Question Why can’t we go to Pluto?

Mar 14, 2021
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As of now, space-facts.com’s theories are trustable. They say, Pluto has 3 TIMES more water! The surface is ice (this is all about space-facts.com). Taking on a warm jacket, shoes and other things and take the flight.
 
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"New Horizons launched on January 19, 2006, and it'll reach Pluto on July 14, 2015. Do a little math and you'll find that it has taken 9 years, 5 months and 25 days. The Voyager spacecraft did the distance between Earth and Pluto in about 12.5 years, although, neither spacecraft actually flew past Pluto."

That's 19 years round trip.

BUT, if you want to stop there, you have to factor a lot of time slowing down (as opposed to just flying by at top speed). Likewise speeding up and slowing down on return.

You are talking about a lifetime - and that is assuming humans could travel at the same speed.

Cat :)
 
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Mar 14, 2021
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So in general, we could go out and go to Pluto, For a lifetime.
Because i am interested in space, if we decide, it’s a lifetime choice with no way of regreting.

My only question is, can we?
 
Feb 28, 2020
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BTW, when sending a human you need life support for all those years.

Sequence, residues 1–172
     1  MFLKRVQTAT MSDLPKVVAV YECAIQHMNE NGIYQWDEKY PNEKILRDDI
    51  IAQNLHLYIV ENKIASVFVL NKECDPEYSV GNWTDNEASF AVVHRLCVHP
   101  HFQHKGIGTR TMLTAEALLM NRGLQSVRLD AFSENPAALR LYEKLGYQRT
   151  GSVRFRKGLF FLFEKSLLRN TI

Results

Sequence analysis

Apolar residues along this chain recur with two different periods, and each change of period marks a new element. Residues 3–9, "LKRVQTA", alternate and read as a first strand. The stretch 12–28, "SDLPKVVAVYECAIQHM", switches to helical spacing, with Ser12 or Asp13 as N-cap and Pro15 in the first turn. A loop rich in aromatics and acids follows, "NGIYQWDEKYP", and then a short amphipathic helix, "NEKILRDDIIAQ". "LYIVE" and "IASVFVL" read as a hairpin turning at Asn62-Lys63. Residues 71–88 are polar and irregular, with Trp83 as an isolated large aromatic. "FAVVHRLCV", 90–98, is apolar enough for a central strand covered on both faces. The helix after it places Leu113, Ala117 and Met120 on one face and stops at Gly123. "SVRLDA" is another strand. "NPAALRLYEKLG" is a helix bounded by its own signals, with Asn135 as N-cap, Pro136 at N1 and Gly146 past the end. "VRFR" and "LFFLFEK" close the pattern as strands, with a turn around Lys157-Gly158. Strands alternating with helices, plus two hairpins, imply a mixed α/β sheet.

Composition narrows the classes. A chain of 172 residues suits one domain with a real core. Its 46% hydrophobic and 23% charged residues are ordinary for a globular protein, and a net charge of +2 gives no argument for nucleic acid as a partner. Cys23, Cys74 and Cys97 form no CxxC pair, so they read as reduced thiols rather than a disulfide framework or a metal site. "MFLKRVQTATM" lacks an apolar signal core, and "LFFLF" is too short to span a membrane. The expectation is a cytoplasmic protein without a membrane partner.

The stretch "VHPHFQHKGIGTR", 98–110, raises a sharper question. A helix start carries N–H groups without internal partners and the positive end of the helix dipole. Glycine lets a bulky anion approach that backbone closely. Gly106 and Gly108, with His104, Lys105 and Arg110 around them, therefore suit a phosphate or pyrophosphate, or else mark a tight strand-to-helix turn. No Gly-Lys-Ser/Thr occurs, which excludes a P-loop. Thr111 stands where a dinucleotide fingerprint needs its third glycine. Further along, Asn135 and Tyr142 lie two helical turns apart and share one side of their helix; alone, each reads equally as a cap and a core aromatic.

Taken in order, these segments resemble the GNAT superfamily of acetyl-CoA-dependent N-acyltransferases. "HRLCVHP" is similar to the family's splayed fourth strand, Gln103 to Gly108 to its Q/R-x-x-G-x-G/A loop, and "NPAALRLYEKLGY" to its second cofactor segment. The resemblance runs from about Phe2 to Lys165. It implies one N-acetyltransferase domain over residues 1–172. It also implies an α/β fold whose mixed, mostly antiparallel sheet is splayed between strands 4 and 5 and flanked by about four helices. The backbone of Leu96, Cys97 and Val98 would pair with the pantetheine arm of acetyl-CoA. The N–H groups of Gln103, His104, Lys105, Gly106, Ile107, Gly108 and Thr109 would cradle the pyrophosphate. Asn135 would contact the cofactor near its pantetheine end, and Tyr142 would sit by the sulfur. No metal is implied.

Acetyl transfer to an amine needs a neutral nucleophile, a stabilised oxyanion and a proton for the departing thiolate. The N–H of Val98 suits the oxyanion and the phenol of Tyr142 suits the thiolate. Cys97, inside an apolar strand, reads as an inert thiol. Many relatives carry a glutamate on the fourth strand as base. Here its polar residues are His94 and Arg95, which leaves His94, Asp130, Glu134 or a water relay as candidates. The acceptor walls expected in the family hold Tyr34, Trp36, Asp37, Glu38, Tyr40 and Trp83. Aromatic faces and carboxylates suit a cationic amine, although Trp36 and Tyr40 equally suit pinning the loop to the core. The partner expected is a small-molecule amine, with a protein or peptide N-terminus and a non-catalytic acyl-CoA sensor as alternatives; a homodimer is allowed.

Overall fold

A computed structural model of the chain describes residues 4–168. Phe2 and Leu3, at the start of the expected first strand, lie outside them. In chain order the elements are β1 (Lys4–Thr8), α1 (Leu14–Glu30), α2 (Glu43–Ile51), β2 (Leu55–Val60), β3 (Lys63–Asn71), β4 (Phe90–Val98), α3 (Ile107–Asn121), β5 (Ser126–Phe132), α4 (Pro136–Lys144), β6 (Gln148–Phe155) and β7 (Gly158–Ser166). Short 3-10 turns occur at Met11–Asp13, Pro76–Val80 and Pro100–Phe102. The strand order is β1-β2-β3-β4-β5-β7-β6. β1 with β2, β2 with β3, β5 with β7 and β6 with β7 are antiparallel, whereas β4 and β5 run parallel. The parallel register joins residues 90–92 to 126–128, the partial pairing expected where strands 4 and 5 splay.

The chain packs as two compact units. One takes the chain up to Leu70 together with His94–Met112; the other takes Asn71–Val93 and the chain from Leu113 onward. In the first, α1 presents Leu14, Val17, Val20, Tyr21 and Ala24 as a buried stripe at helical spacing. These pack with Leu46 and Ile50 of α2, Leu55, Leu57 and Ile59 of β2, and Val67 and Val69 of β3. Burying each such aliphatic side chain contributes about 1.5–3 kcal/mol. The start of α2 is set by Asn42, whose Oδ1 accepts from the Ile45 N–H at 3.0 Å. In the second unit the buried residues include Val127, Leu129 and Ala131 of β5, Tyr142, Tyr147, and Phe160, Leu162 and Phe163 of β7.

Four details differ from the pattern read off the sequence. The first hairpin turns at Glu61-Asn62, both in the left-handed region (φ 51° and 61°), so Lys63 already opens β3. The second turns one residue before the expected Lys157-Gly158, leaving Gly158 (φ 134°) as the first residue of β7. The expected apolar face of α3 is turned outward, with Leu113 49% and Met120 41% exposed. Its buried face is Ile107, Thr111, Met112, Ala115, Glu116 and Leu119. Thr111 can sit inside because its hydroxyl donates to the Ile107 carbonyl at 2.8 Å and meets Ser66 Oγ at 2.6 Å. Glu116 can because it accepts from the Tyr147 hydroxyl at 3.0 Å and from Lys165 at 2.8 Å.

Food, water, etcetera.

Cat :)
Yes in that case is cheaper to send robots, they can do almost a human can do in the planet, robots donot breath, donot eat, they dont have problem with hot or cold weather, and radiation donot afect them.
 
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Jan 30, 2020
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Having read comments about the costs with a manned expedition Ed Lerner offered a technique but its very bandwidth intensive. Another come from history and that of asceticism where one is launched on way with life support for one and a structure designed to be added to. Ascetic two launches with the same life support and a structure to add to the first and provide different and added capabilities. This continues until structure is built out and ready for a monastic community. It all winds down to how much energy we wish to spend and the costs of the energy